There is a simple way to get the election coverage you want

Theresa May has called a snap election. That means we need real journalism. There's only one way to get it...

Adam Ramsay
Adam Ramsay
18 April 2017
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Theresa May has called a snap election.

The vote comes at a time when the people of this country trust our key institutions less than ever. Only one in nine of us thinks that 'the system' works. Only 25% of us trust the government. And only 24% of us trust the media.

Britain is on the cusp of leaving the EU and Scotland and Northern Ireland are debating leaving the UK. Wages continue to fall and the City continues to froth and bubble.

Not since 1974 has Britain gone to the polls at such a turbulent time. Back then, months after entering the European Communities and amidst the three day week, the Conservatives ran on the slogan "who governs Britain?".

As Theresa May triggers a snap election, we must ask that question again. Is Britain to be run in the interests of the City of London? Will it be ruled by the media barons: with a Daily Mail government turning our communities against each other?

Or is it the people of this country who are really in charge? Can we challenge the powerful, ask the big questions, and build a genuinely open democracy?

If you think this election needs a media that's focussed on the big questions, not the appearance of leaders; on challenging power not bullying migrants; and on understanding what's really going on across all of our increasingly disunited kingdom, then there's only one way to get it:

Help us to build it.

The media of the future will not look like the media of the past. The struggle is not between the old newspapers and the new online journalism: the funding model for the journalism of the 20th century has already died. The question is what form the new media will take. Will it be oligarch owned? Will it be run by the governments of other states? Or will it be funded by its readers and free to question those who govern us?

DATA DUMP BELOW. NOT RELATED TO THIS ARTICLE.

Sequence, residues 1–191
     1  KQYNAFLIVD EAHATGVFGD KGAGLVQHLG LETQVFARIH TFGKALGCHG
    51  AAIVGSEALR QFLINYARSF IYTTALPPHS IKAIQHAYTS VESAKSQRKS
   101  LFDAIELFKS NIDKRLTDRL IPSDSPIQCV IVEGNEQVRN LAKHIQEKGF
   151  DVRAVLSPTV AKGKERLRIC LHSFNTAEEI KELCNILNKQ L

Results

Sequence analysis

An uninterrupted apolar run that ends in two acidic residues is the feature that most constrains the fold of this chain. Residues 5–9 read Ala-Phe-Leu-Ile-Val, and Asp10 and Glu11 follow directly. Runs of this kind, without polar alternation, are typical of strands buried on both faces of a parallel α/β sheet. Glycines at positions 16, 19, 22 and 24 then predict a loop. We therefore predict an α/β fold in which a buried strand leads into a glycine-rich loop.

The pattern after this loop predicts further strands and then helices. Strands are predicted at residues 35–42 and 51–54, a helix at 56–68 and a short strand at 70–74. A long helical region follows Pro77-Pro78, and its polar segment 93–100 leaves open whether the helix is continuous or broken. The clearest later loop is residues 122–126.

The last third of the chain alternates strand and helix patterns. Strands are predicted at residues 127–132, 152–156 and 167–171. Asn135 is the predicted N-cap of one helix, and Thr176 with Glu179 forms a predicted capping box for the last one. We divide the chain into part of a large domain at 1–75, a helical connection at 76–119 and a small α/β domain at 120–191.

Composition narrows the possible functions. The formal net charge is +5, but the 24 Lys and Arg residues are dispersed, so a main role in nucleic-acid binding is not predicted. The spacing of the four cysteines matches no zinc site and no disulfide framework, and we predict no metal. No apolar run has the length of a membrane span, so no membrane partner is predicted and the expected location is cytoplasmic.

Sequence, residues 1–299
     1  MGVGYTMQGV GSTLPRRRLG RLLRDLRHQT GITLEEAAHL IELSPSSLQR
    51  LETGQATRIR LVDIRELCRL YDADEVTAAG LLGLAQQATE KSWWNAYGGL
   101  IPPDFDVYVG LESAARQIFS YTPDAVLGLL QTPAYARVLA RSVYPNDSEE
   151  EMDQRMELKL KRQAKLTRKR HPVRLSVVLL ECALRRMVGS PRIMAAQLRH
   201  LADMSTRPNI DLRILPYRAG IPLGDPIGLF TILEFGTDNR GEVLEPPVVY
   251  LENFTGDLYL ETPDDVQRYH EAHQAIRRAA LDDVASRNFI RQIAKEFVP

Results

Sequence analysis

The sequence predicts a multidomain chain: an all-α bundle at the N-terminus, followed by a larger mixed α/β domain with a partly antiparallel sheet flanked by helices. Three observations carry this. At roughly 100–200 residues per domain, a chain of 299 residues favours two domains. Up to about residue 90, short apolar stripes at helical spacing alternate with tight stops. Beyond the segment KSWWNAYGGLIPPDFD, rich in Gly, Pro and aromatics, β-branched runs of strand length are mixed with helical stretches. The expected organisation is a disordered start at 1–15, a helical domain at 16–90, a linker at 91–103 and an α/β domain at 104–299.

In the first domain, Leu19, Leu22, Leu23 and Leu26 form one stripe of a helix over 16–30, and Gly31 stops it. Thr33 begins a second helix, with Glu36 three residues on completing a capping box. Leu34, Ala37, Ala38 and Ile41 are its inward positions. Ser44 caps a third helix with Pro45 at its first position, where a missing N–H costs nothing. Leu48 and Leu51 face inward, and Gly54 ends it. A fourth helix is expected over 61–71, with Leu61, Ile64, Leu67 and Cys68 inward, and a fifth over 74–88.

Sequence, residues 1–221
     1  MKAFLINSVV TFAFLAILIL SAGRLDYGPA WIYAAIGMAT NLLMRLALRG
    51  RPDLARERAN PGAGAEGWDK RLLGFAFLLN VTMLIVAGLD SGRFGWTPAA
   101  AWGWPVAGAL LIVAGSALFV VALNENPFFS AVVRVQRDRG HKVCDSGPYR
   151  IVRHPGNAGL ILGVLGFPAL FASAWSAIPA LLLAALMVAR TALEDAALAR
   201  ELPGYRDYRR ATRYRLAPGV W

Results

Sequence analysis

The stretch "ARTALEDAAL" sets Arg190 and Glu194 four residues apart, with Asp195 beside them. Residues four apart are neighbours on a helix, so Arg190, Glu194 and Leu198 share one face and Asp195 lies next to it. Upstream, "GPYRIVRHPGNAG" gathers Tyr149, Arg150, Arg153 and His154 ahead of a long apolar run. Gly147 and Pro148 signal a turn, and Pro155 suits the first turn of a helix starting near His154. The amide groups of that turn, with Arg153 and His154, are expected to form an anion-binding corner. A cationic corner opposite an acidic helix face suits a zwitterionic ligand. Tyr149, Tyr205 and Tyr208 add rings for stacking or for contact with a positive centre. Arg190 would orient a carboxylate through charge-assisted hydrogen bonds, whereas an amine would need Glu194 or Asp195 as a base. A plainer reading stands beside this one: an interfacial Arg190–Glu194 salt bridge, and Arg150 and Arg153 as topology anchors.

If you want this election to see a media which interrogates power, challenges the powerful and is free to ask the big questions, then help us to build it. Contribute to openDemocracyUK today.

Live discussion: Peter Oborne and ‘The Assault on Truth’

Oborne’s new book covers “Boris Johnson, Donald Trump and the emergence of a new moral barbarism”. Get the inside story on the state of the art of lying in politics and the media from three journalists who have seen it all.

Join us for this free event on 25 February at 5pm UK time/12pm EST.

Hear from:

David Leigh Journalist; former investigations editor, The Guardian

Peter Oborne Author and columnist; former chief political commentator of The Daily Telegraph

Chair, Mary Fitzgerald Editor-in-chief, openDemocracy

Save our NHS data

The UK government has snuck through a massive £23m NHS ‘data deal’ with controversial spy tech firm Palantir.

It gives this CIA-backed firm – whose spyware has been accused of creating ‘racist’ feedback loops in US policing – a major, long-term role in handling our personal health information, and in England's cherished NHS.

We believe that we, the public, should have a say about these lucrative deals before they happen, not after.

That’s why we’re bringing an urgent legal challenge: demanding public consultation on this massive deal. To do this we need your help.

We must act now to stop government secrecy around these massive deals – and to make sure our personal health information and privacy rights are protected. ‘COVID cronyism’ and secrecy must end.

Who is bankrolling Britain's democracy? Which groups shape the stories we see in the press; which voices are silenced, and why? Sign up here to find out.


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